SJ: For the women wanting to make a career in private banking, can you give us a few guidelines on how should they go about it?

SR: Private Banking can be a great career choice for women. You need to have fairly strong IQ and EQ to be a successful Private Banker. Gone are the days when it was good enough just to have very strong relationship management skills. It is important to have a fundamental grasp on financial markets, how they work and their inter-connectedness. This means having a good grounding in macro-economics. Women are also natural collaborators and collaboration is an important skill to develop in helping clients find holistic solutions in non-financial areas where they need advice like succession planning, estate planning and philanthropy.

SJ: What are the various roles in private banking which one can consider?

SR: Roles in Private Banking can be in different areas – all of which are important in client delivery. The role that most people hear about is the role of the Relationship Manager or Private Banker, individuals who directly interact and engage with a Client. These are sales oriented roles and carry business and revenue targets. This is the one-point contact person for Clients with the organisation. They are also the individuals that have a full understanding of the client’s needs both from an investment perspective and other softer aspects. More recently, I have often seen many young women shying away from the RM role as they think it may be too high pressure or that they have to keep achieving revenue and business targets. I am disappointed when I hear such arguments, because I believe fundamentally women make great relationship managers – they connect well with clients and can empathise with them, in whatever situation the client finds themselves in. I think the fear often emerges because women are more scared to fail. That needs to change. Failure is a good thing and teaches you many life lessons. It builds strength of character, so young women shouldn’t be afraid to fail.  I can tell you from experience, that no one who has ever been successful has not confronted failure.

Other important roles in Private Banking are in the areas of Investments. There are two roles in the Investment function – one on the Product side and the other is on the Advisory side. In Product roles, the interaction will be Asset Management Companies, Fund Managers and looking at the macro-economic environment to craft suitable investment products for Clients. The Advisory role is the Client interface role within the Investment function. In the Advisory role, the Investment professional works with the Relationship Manager to determine the risk appetite, liquidity requirements, cash flows of the Client and then craft an investment plan for the Client. The Investment Professional then chooses the right products to create the financial plan. Both roles are important in Private Banking.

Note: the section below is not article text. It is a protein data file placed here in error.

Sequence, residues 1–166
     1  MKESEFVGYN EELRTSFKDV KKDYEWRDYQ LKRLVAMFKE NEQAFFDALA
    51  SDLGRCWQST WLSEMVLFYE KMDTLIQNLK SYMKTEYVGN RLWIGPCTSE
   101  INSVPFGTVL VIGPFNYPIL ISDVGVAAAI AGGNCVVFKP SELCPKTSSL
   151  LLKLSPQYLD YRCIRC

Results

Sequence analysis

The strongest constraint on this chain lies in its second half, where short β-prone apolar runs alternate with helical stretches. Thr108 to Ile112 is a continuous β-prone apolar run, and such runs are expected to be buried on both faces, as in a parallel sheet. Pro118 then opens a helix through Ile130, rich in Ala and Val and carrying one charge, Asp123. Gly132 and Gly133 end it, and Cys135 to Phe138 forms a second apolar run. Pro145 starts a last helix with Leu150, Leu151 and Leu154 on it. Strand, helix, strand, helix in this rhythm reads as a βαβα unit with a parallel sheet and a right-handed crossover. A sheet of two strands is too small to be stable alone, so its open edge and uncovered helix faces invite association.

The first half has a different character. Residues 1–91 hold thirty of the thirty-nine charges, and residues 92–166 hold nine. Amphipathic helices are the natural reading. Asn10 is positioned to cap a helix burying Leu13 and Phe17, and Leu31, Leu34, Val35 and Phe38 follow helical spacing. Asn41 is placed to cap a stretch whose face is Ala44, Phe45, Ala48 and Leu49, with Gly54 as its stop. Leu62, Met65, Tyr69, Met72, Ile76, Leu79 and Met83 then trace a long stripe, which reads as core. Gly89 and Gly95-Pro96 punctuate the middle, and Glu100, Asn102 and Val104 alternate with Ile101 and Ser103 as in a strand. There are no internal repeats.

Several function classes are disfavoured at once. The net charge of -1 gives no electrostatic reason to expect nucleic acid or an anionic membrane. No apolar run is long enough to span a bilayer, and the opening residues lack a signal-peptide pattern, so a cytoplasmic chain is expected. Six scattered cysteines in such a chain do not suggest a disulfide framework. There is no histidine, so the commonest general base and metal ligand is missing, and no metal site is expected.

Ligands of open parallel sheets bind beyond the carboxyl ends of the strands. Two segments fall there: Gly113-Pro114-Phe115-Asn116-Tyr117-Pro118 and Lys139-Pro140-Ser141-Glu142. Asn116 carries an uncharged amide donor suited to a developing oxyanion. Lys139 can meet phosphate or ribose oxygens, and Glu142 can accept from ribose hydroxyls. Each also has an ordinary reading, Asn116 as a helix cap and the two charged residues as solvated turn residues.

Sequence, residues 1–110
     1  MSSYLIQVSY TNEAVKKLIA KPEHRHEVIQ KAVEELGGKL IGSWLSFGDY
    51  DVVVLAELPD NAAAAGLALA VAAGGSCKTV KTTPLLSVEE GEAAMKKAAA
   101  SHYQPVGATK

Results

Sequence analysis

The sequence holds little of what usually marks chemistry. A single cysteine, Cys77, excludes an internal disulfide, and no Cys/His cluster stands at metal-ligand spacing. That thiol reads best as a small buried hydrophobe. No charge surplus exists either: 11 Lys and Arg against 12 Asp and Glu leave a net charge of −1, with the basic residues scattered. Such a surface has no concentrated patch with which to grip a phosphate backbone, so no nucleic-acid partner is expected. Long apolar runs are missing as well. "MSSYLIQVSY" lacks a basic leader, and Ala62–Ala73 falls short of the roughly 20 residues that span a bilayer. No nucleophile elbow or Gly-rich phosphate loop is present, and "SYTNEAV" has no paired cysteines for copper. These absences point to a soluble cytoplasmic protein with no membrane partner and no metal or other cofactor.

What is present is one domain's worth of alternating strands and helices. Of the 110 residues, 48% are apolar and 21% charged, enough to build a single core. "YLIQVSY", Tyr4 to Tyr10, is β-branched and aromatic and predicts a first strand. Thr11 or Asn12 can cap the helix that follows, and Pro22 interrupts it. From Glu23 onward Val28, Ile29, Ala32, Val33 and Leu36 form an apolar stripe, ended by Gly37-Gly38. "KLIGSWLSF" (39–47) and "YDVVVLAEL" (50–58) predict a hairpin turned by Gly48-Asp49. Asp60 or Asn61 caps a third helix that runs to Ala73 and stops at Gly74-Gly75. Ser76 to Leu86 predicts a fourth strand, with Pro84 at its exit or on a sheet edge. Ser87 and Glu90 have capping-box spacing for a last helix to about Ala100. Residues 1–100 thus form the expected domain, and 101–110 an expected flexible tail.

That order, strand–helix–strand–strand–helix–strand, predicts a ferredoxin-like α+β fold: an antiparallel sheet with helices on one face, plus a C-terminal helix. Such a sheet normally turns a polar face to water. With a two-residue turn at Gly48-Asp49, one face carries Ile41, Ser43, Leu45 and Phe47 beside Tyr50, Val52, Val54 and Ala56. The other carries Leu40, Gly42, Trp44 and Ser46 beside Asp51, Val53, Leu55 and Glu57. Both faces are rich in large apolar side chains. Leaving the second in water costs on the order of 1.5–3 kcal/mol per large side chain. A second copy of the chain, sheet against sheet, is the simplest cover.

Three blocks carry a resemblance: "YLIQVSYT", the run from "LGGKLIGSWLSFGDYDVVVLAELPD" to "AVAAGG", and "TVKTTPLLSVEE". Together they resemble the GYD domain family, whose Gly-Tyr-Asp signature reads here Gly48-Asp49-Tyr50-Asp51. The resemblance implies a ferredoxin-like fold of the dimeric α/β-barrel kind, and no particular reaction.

The third important role in Private Banking is the role of service managers, to ensure the seamless coordination of planned investment executions. This role involves coordinating between the Clients, their Bankers, Asset Management Companies and other Product Manufacturers.

SJ: Would you require any specific qualification to make an entry into private banking?

SR: No specific educational qualifications are required to have a successful Private Banking career. I would recommend a good understanding of Economics and a comfort with working with numbers, as a pre-requisite. The regulator has also specified specific certifications that a banker needs to acquire if they want to be in the Wealth Management industry.

SJ: One hears that some of the well-established private bankers make a lot of money by way of bonuses, etc. Is that correct? And how does one become a successful private banker?

SR: Private Banking is a lucrative career monetarily. However, in my view, in Wealth Distribution firms, the Relationship Managers incentives are not aligned to a Client as the revenue in a Wealth Distribution firm is from the product manufacturer; so you may be a “great” Private Banker, be considered to be so by your firm and earn large bonuses and incentives, but did you do the right thing by your Clients every step of the way? This is a dilemma I am sure every successful Private Banker has faced.